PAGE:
Studies comparing blended learning with no intervention suggested that blended learning in health professions might be invariably effective. However, although observational studies yielded a large effect size, the quality of evidence was lower due to their inherent study design limitations. Additionally, owing to the small number of RCTs, the meta-analysis did not meet the optimal size (imprecision) and therefore, quality of evidence was ranked lower. Thus, despite the consistency of effect and no significant reporting bias, the evidence of the no-intervention comparison was of moderate quality, which means further research is likely to have an impact on our confidence in the estimate of effect and may change the estimate, and RCTs with large samples may modify the estimates. Thus, there is still great value in further research comparing blended learning with no intervention, and RCTs with large samples may modify the estimates. For nonblended comparisons, pooled estimates showed that blended learning is more effective than or at least as effective as pure e-learning and pure traditional learning. However, due to publication bias towards larger studies with generally large magnitudes of effects, the evidence was of low quality, which means further research is very likely to change our estimate. Furthermore, only four studies using e-learning were included. Therefore, the effect of blended learning especially in comparison with e-learning should be evaluated in future research, and studies with small magnitudes of effect should merit publication.
Blended learning appears to have a consistent positive effect in comparison with no intervention and appears to be more effective than or at least as effective as nonblended instruction for knowledge acquisition in health professions. Moreover, pre-posttest study design, presence of exercises, and objective outcome assessment in blended courses could improve health care learners’ knowledge acquisition. Due to the large heterogeneity, the conclusion should be treated with caution.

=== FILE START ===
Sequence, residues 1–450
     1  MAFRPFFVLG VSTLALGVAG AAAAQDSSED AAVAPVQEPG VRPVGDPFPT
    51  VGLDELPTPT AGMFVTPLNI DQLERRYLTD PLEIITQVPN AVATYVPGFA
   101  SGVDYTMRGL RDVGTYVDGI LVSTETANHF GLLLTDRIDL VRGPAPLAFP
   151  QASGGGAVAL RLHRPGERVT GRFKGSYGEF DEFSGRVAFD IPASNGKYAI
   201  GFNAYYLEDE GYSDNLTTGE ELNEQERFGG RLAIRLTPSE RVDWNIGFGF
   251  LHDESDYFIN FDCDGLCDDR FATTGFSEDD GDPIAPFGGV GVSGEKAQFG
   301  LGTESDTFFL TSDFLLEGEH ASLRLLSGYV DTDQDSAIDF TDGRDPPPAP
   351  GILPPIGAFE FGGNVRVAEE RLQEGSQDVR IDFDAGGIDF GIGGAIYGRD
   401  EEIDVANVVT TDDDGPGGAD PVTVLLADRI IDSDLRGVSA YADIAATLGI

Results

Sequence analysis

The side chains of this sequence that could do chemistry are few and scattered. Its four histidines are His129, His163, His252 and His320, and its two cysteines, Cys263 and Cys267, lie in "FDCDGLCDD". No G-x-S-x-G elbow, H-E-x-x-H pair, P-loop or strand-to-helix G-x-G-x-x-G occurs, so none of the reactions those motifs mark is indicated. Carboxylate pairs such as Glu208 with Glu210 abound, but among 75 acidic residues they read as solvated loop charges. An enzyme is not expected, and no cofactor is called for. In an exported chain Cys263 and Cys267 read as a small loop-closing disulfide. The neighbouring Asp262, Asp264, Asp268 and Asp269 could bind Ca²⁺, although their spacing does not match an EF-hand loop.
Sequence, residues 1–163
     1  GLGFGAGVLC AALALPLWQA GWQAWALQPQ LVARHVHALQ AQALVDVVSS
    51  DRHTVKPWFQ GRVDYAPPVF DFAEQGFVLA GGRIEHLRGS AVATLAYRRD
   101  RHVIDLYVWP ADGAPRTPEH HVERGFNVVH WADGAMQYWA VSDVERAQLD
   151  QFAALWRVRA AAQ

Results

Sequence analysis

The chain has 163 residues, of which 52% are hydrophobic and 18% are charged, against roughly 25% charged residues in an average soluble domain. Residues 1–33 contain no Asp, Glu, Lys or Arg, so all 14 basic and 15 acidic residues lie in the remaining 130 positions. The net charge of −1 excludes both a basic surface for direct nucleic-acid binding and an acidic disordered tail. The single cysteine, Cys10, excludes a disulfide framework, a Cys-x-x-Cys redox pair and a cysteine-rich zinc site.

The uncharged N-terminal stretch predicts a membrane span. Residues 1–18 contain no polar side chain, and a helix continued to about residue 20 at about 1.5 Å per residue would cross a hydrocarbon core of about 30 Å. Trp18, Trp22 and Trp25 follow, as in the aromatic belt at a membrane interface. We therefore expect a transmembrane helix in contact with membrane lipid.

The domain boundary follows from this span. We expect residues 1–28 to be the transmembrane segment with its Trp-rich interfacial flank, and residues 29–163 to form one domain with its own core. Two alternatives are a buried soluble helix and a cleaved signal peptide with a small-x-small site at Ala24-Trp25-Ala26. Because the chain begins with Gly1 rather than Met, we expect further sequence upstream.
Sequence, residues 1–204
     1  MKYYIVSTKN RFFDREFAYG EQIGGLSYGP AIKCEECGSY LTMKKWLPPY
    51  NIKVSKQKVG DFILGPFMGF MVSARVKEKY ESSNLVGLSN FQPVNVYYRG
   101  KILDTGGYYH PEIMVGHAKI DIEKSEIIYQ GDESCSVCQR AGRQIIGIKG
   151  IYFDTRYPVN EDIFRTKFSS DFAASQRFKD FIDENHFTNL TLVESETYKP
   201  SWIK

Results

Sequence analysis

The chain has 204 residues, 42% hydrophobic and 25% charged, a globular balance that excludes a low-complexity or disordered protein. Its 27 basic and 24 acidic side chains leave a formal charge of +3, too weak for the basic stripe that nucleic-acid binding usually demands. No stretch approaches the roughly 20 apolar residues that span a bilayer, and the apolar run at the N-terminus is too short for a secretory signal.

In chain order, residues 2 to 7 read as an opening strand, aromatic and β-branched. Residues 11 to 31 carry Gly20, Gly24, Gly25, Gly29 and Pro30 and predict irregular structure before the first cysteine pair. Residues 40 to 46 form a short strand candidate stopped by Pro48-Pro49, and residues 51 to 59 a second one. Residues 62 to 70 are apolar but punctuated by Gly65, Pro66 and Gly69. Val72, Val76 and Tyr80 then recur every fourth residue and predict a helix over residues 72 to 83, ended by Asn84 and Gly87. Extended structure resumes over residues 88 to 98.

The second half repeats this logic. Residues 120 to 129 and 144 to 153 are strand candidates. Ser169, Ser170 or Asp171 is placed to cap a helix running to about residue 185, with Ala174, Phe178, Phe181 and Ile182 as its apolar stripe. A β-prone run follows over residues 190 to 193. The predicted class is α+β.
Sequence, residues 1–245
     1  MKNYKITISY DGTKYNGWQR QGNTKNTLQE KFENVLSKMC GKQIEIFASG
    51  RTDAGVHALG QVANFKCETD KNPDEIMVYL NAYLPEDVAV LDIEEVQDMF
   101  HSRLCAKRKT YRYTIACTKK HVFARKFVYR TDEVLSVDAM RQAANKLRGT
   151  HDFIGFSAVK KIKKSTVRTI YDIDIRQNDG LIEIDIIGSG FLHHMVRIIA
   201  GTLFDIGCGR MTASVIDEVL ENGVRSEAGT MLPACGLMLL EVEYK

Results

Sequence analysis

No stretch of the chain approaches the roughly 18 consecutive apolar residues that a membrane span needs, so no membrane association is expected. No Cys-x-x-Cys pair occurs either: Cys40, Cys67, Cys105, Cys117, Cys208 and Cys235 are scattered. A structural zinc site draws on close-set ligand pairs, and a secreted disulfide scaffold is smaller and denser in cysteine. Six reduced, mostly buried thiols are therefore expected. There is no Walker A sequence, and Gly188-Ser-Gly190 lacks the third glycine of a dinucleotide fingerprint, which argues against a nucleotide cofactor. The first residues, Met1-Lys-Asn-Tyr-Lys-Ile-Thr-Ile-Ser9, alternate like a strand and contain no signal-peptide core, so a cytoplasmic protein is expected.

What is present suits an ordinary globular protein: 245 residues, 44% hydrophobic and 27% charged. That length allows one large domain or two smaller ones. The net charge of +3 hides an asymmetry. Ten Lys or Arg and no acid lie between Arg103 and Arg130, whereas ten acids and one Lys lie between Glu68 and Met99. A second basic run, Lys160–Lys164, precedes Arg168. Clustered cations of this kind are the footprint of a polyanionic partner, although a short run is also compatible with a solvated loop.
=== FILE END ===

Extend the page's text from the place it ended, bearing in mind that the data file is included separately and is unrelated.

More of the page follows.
The research leading to these results has received funding from the European Union’s Seventh Framework Programme (FP7/2007-2013) under grant agreement number 281930, ARCADE RSDH. Our research was partly supported by the project “Strengthening Primary Healthcare Workers’ Competence by Using an Internet-based Interactive Platform in Rural China” funded by the Ministry of Science and Technology, China.
WRY conceptualized and designed the study. QL and FZ performed the review, extraction, and data analysis. QL prepared the first draft of the paper. WRY, WJP, RH, YXL, and FZ contributed to the revision of the manuscript. All authors have read and approved the final manuscript.
Conflicts of Interest
Multimedia Appendix 1
E-tables 1-7.PDF File (Adobe PDF File), 228KB
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|GRADE: Grades of Recommendation, Assessment, Development, and Evaluation|
|PICOS: population, intervention, comparison, outcome, and study design|
|PRISMA: Preferred Reporting Items for Systematic Reviews and Meta-Analyses|
|SD: standard deviation|
|SMD: standardized mean difference|
Edited by P Bamidis; submitted 24.06.15; peer-reviewed by S Kitsiou, T Raupach, A Sowan; comments to author 18.07.15; revised version received 28.08.15; accepted 07.10.15; published 04.01.16
©Qian Liu, Weijun Peng, Fan Zhang, Rong Hu, Yingxue Li, Weirong Yan. Originally published in the Journal of Medical Internet Research (http://www.jmir.org), 04.01.2016.